ASA Adjudication on Citroen UK Ltd
Citroen UK Ltd
221 Bath Road
27 April 2011
Number of complaints:
Euro RSCG London Ltd
A TV ad, for Citroën, featured a cyclist pulling up behind a Citroën C4 at a set of traffic lights on a busy urban street. Other cyclists joined him until there was a large crowd of cyclists pursuing the C4. At the next junction, the C4 pulled away and lost the cyclists, who appeared disappointed until one of them spotted a different C4 travelling in the opposite direction. The cyclists turned at the junction and followed the other C4. A voice-over stated "The new Citroën C4 eHDi engine uses power only when you're moving, meaning less CO2 and lower fuel costs. It's what we call positive power." An end frame featured the Citroën logo.
A viewer, who noted that none of the cyclists featured in the ad were wearing cycling helmets, challenged whether the ad was appropriate to be broadcast at times when children were likely to be watching, because it could condone and encourage behaviour prejudicial to their health and safety.
Citroën UK Ltd (Citroën) pointed out that wearing a cycling helmet was not a legal requirement in the UK, although they accepted that it was good practice to wear a helmet whilst cycling. They said they had featured cyclists in the ad to demonstrate the low CO2 emissions and 'stop-start technology' on the new C4, rather than focusing on cycling. They explained that the C4's engine stopped when the vehicle came to a halt at traffic lights, which was less polluting and more comfortable for cyclists. They believed the cyclists were not shown to be riding in a dangerous manner and that there were no other vehicles in the road in the immediate vicinity of the cyclists. They pointed out that children were not featured in the ad. They said that given the context, they did not believe the ad condoned or encouraged poor cycling practices on the part of children or anyone else.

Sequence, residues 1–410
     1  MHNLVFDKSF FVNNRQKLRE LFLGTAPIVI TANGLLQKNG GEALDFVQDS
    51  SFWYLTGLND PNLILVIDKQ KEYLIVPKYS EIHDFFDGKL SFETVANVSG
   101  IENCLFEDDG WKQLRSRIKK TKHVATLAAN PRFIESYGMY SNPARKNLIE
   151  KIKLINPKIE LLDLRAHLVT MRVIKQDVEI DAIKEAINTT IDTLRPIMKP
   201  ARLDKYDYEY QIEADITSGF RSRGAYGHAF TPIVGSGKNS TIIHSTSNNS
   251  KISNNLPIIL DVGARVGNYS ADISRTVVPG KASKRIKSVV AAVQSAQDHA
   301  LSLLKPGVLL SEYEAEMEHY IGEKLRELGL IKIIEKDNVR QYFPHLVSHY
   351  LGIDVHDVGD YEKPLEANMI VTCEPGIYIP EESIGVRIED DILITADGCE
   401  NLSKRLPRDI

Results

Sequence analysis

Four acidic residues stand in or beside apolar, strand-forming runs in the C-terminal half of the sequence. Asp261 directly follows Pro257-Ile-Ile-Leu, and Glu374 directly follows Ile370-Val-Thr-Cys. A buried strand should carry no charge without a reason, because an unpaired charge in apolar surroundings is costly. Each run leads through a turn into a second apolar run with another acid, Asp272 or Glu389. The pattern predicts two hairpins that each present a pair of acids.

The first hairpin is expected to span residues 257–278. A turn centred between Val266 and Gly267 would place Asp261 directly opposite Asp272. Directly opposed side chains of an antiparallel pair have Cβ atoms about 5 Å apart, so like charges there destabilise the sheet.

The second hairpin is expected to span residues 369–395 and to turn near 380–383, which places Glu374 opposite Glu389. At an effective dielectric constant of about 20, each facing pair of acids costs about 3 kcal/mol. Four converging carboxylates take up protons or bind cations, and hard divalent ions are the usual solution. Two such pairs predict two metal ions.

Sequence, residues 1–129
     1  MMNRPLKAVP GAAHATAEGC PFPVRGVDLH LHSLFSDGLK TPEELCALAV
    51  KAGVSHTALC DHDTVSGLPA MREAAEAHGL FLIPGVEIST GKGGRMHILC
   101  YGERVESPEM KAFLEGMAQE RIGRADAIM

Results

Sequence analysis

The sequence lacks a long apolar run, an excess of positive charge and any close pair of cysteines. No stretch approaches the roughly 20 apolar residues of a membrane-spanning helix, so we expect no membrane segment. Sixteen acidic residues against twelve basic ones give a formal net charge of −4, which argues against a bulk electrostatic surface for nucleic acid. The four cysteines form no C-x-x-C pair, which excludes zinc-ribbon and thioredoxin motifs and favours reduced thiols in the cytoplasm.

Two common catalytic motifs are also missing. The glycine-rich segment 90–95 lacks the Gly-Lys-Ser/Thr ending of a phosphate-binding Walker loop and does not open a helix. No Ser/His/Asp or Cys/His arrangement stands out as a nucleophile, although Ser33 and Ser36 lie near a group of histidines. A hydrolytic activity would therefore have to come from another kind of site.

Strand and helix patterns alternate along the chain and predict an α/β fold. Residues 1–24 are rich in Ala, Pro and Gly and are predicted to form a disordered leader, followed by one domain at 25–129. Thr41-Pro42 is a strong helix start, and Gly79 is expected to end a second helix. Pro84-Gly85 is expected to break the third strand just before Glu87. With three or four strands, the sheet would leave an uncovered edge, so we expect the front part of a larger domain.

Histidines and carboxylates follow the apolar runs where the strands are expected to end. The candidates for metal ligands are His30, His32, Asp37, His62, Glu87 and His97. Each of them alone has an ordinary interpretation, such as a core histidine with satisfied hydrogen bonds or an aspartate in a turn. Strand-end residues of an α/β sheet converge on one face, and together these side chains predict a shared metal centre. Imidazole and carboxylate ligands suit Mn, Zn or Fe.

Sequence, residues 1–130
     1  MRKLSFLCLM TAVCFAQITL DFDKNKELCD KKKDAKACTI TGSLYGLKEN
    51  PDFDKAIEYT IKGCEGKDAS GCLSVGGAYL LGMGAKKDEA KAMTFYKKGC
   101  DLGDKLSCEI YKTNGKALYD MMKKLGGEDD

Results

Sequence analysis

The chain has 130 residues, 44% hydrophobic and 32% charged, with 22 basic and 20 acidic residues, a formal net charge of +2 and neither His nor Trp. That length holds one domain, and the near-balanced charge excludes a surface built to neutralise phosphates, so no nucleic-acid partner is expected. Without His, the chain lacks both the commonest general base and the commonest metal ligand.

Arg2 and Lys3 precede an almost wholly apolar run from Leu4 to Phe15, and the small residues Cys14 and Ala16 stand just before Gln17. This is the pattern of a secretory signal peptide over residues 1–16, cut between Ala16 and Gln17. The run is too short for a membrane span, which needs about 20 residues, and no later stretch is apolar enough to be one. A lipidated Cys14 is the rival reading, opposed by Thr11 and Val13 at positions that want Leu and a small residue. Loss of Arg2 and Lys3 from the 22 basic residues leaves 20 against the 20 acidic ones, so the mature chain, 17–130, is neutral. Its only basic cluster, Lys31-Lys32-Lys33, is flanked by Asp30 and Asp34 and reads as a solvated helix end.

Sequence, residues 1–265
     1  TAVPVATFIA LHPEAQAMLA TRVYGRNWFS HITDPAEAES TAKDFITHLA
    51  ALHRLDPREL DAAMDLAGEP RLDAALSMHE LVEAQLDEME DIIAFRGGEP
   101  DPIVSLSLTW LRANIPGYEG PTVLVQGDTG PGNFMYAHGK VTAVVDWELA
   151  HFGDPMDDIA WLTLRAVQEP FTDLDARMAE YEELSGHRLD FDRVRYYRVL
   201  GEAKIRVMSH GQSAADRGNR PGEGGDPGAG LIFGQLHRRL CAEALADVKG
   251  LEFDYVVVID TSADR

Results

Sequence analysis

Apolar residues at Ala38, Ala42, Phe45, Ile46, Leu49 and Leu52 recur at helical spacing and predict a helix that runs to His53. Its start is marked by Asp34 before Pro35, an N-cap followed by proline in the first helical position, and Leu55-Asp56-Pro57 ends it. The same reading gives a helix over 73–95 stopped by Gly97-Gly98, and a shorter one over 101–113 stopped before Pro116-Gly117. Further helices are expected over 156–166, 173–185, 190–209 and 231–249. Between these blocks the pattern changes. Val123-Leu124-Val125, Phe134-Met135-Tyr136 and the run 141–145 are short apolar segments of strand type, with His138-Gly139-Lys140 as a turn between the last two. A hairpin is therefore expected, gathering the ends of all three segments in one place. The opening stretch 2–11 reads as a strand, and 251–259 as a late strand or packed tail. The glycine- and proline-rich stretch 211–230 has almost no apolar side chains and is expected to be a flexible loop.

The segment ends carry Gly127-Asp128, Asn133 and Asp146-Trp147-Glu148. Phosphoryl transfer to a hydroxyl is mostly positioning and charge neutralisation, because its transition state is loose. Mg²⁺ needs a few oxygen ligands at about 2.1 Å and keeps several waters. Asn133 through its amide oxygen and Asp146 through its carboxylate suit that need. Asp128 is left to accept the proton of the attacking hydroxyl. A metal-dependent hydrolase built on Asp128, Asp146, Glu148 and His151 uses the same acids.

Citroën said they had no future plans to broadcast the ad in the UK.
Clearcast said they always advised that children should wear cycling helmets in ads but they did not require adults to wear helmets because it was not a legal requirement. They said they did not normally place a scheduling restriction on ads featuring adult cyclists. They believed the ad did not require an 'ex kids' restriction, meaning the ad could not be shown around children's programming. They said the issue of whether or not to apply a timing restriction was never raised or discussed.
The ASA considered that adults and older children would understand that the scenario depicted in the ad was fantastical and set apart from reality, because of the sheer number of cyclists involved, the lack of cars in their immediate vicinity and the fact that they were cycling in unison and chasing the C4. We therefore concluded that the ad did not condone behaviour prejudicial to the health and safety of adults and older children and was unlikely to cause harm to them.
However, we considered that younger children might not appreciate the fantastical nature of the ad and might consider that the ad represented a real-life scenario. We were therefore concerned that the ad might encourage younger children to emulate a behaviour prejudicial to their health and safety, and therefore concluded that the ad should have been given an 'ex kids' scheduling restriction to ensure that it was not broadcast at times when younger children were likely to be watching.
The ad breached BCAP Code rules 5.2 (Children) and 32.3 (Scheduling).
We also investigated the ad under BCAP Code rules 4.1 and 4.4 (Harm and offence) but did not find it in breach.
The ad must not be broadcast again without the appropriate scheduling restriction.
Adjudication of the ASA Council (Broadcast)